Every one of Henry Selick’s four feature films to date has dealt with alternate realities. In the Tim Burton-produced The Nightmare Before Christmas (1993), the ghoulish Jack Skellington finds a hole in a tree that leads him, Alice-style, from his own reality, Halloween Town, to the very different alt-reality of Christmas Town. In James and the Giant Peach (1996), young James, shrinking like Alice, abandons human reality for a bug’s reality and travels across the ocean in the company of a grasshopper, a centipede, a spider, a ladybug, and an earthworm. Selick’s mostly live-action Monkeybone (2001) leans heavily on the Orpheus model, with artist-hero Brendan Fraser journeying to the Land of the Dead, and Whoopi Goldberg playing a variation on the same role (Death) that Maria Casarès played in the Orpheus of Jean Cocteau. Coraline (2009) represents a return to the Alice model, with a little girl (voiced by Dakota Fanning) who crosses over into a strange looking-glass world.
Looked at from the perspective of stop motion animation, alone, Coraline is a masterpiece. And the 3-D only makes it better. (WARNING – If, like me, you are a fan of both stop motion and 3-D, you owe it to yourself to see this film ASAP. There has never been anything quite like it, and as of this Friday, February 27th, most, if not all, of the theaters presently showing Coraline in 3-D will be dumping it to make room for the Jonas Brothers 3-D concert film.) Certain sequences, such as a circus act featuring what looks like 50 individually animated white mice wearing uniforms and performing in synchronized motion, must be seen in 3-D to be fully appreciated. Stop motion, unlike CGI, gives a film a hand-made quality, and the fact that Selick not only wrote and directed (from a novella by Neil Gaiman) but designed this production in his own distinctive style – free from the influence of Tim Burton – makes it the most personal of his features to date.
Unlike McKean & Gaiman’s MirrorMask, Selick’s Coraline takes pains to ground its story in the real and familiar before plunging into the singular and surreal. The character designs of Coraline, her mother, and her father reminded me of Art Clokey’s soothing Davey and Goliath. Coraline’s problem – her work-at-home writer parents are too busy at their jobs to give her all the attention she needs – is one that a lot of kids can identify with.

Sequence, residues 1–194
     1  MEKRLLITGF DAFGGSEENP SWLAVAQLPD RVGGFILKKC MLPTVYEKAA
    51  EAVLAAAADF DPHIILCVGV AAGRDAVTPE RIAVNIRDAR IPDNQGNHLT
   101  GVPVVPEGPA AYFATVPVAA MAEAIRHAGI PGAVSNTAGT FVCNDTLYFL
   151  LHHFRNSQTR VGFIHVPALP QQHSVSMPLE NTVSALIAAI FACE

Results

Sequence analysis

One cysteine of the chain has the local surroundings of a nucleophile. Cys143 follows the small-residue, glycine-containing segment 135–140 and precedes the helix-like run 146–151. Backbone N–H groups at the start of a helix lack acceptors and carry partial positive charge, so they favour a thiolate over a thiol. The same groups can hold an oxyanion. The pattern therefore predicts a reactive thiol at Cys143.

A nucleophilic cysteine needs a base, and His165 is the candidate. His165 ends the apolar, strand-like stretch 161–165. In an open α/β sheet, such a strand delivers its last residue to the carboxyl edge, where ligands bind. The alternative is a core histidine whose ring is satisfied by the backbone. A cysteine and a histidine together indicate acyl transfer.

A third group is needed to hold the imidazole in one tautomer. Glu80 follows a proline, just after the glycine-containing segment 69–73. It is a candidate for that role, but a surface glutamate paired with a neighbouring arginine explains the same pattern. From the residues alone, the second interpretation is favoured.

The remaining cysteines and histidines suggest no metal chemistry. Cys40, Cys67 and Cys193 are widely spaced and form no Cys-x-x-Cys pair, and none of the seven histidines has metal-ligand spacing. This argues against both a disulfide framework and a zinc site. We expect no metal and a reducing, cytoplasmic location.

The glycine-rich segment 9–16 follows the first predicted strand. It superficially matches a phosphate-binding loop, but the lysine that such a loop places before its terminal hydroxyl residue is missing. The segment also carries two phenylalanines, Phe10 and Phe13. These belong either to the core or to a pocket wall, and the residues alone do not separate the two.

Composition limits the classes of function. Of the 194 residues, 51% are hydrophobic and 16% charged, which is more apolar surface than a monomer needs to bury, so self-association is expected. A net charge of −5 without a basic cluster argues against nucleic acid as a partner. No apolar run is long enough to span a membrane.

So one day Coraline follows a white mouse (her White Rabbit) through the wall of her Psycho-like house to Other World. There she meets “Other Mother,” a more attentive version of her real mother (both voiced by Teri Hatcher), who has created this world and populated it with looking glass versions of Coraline’s father (“Other Father,” with Coraline, above) and neighbors, all of whom seem at first to be much-improved versions of their real-world counterparts. Best of all, everyone in Other World seems to have no purpose other than to entertain and cater to Coraline. Only a stray cat (Keith David) who has the ability to travel between worlds is there to warn Coraline that things in Other World may not be as wonderful as they first appear.
The devolution of Other World from something bright and wondrous into something dark and scary is paralleled by the changes in Other Mother herself. At first, the only physical difference between Coraline’s real-world mother and Other Mother is the buttons she has sewn on for eyes (above). As the story progresses, and Other World turns out to be a trap for children as dangerous as the Gingerbread House (or Pleasure Island in Pinocchio), the appearance of Other Mother becomes increasingly spider-like and monstrous (below). Why is Other Mother so interested in Coraline? As the cat says, “She wants something to love. Something that isn’t her. She might want something to eat as well.”
The film is so rich in archetypal imagery and situations that it’s open to a multitude of interpretations. The first and most obvious is the one highlighted in advertisements for the film, “Be careful what you wish for.” Another is, “Don’t always trust appearances. When something seems too good to be true, it probably is.” Like Dorothy in The Wizard of Oz, Coraline learns that her real-life caregivers aren’t as bad as she thought they were.
Other World seems so much more colorful and fun than the real world to begin with, but it eventually turns creepy, dark, and life-threatening. Here, one might see a parallel to certain drugs, and in Coraline a not-so-subliminal warning re the dangers of substance abuse.
But, deeper than that, Coraline points to the danger of retreating completely from a shared reality (koinos kosmos) into a private reality (idios kosmos). It’s the same subject as Ingmar Bergman’s Hour of the Wolf, in which an artist (Max von Sydow) is tempted by his personal demons to retreat from the real world into a horrific alternate reality. His primary temptation, typically for stories of this type, is a doppleganger of someone who abandoned him in the real world, a mistress (Ingrid Thulin) who the film suggests committed suicide. Kenji Mizoguchi’s Ugetsu is yet another variation on this theme (artist tempted into alt-reality by ghost princess).
Fortunately – especially for the children in the audience – Coraline has a happy ending that is appropriate, moving, and earned. If the imaginative Mr. Selick never makes another film in his life, his reputation as a master is secured.